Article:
Yet, by far the most important inferential event my firm observed last week came not from China, but from China's neighbor... Japan. I have been bullish on Japanese stocks since the Spring of 2003. Not so the Japanese Yen, which my firm has viewed negatively due to Japan's low interest rate environment. However, that view changed last week, leaving us now with a yen for the Yen. This strategy change was driven by Japan's recent GDP figures that showed an annualized growth rate of 4.8% (the fastest pace in three years), strong personal consumption (+1.1% y/y), and an attendant 2.2% "pop" in capex spending (+2.2% y/y). Such ebullient figures suggest that the era of Japan's ZIRP (zero interest rate policy) is likely drawing to a close and with it the weakness in the Yen. If correct, my firm could be seeing the beginning of the unwinding of the now ubiquitous "Yen carry trade."

Recall that in past missives I have spoken of the Yen carry trade in that it was a wonderful trade to borrow in Japan at zero percent interest rates, leverage that money, and buy something else that was either going up in price or that yielded more than your cost of money. Everything worked great as long as the Yen held steady relative to the U.S. dollar, or even better... declined. But, given the popularity of the Yen "carry trade" by the hedge fund community, the short-position now prevalent in the Yen could produce a protracted Yen rally. The "lift off" for the potential rally in the Yen can be seen in the Yen's chart formation which can be seen below. The chart shows a low at 0.8249 followed by a subsequent throwback rally to 0.8382, leading to an "undercut" low of 0.8241 on February 12, 2007. I have seen a lot of "major lows" made by such undercut moves, especially when they are followed by upside breakaway "gaps" like the one seen in the nearby chart. To capitalize on this inference, my firm recommended long Yen positions in our verbal strategy comments in the newly created Currency Shares Japanese Yen (FXY) that began trading last Wednesday at 82.69. While my firm only has a one-third long position "on" for the trading account, we see de minimis downside for the Yen from here and would add to long positions on pullbacks.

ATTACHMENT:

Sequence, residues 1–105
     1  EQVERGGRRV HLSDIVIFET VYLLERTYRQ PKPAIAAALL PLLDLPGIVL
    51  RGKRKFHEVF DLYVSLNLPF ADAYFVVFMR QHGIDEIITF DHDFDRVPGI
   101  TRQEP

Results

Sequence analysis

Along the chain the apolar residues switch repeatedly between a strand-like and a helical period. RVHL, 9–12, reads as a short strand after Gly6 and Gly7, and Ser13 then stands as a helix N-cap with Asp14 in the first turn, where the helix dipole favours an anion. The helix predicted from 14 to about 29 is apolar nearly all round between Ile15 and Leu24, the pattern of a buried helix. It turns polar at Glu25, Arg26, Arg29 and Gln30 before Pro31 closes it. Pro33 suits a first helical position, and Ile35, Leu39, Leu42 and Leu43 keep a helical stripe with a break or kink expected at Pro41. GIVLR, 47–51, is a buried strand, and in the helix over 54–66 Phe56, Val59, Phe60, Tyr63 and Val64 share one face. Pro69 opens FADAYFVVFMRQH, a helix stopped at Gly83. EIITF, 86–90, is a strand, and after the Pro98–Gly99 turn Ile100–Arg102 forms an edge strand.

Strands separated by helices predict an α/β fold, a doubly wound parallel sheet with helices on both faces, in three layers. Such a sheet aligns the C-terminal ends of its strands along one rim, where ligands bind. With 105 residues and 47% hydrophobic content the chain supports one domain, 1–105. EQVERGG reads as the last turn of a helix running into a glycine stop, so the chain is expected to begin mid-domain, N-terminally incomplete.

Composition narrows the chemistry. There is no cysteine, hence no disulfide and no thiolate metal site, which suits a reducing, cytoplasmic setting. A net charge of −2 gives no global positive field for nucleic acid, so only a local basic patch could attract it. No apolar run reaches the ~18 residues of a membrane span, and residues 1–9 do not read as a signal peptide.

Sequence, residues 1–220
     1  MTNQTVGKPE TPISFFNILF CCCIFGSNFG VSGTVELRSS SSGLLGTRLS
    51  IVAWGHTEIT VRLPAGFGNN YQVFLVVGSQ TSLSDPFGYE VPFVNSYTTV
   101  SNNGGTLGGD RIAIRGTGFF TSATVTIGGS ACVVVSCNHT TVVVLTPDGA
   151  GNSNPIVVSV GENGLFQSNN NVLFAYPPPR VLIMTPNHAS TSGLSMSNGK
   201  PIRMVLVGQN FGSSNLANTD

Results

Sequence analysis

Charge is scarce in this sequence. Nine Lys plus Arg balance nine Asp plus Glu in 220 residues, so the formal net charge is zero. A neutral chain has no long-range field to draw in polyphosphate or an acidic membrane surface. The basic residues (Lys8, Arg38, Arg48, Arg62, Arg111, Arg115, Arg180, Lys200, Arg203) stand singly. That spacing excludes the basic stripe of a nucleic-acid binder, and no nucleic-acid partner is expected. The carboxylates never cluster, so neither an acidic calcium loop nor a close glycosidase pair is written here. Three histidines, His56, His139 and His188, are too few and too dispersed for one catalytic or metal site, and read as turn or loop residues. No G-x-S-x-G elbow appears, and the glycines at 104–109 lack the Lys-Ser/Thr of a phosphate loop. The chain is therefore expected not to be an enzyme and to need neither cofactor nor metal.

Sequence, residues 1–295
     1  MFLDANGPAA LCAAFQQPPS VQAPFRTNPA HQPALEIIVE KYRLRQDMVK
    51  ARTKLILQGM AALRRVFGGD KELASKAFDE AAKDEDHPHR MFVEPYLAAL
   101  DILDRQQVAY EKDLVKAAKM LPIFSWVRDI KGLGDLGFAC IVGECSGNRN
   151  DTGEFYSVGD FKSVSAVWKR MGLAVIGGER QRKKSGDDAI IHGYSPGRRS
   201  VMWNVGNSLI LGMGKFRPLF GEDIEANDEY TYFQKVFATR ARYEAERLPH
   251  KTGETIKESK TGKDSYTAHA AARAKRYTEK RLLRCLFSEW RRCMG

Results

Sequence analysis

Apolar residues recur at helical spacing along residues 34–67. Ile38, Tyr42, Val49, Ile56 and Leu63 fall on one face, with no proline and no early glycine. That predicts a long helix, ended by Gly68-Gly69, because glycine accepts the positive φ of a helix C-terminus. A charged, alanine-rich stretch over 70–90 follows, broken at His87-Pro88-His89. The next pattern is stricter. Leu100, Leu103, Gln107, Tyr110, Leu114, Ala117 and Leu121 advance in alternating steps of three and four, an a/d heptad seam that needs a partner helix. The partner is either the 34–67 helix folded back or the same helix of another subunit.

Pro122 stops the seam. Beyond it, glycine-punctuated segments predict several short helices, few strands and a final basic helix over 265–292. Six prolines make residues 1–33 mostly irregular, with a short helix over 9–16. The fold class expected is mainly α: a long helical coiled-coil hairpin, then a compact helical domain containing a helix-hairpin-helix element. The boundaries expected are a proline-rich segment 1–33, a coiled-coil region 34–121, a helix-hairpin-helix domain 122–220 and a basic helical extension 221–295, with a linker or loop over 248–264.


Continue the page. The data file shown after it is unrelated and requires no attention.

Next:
As for U.S. markets, it was another new all-time high for the DJIA last week, so I thought we would take a look at the Dow's components to see just how many of them had exceeded their respective all-time highs, most of which occurred in the spring of 2000. Amazingly, of the Dow's 30 components only seven, yes a mere seven, are above their all-time highs! General Electric (GE) is typical of this eerie phenomena and GE has historically been a precursor of the stock market's future direction. To wit, GE made its price high at $60.50 per share in August 2000 and currently resides 40.7% below that high water mark. Most recently, GE's shares have broken down in the price charts and if they trade below their reaction low of $35.48 they should be viewed with negative implications for the overall stock market. While my firm has clearly been too ambivalent on the major market indices, we still find ourselves "long" an awful lot of stocks since we have been able to find numerous situations that are just plain "cheap." Case in point, our January 8, 2007 recommendation at $38.57 per share on Strong Buy-rated Williams Partners L.P. (WPZ) where our fundamental analyst expects this MLP's EBITDA to increase from $59 million to $217 million and its cash distributions (read: dividends) to ramp from $1.73 per share to $2.41. My firm continues to invest accordingly.

The call for this week: The current rally is now the third longest in duration since 1900 without so much as a 10% correction. Moreover, recent surveys show that hedge funds are about as long stocks as they ever get (read: a bearish indication). Further, my firm doesn't like the tone from Capitol Hill, where Congressional Democrats are leaning more and more toward an activist tone on trade tariffs and regulation on just about everything. Combine this with the slowing foreign purchases of U.S. assets (TIC flows) and my firm remains cautious. Remember, BULLS make money, BEARS make money, but PIGS often get slaughtered!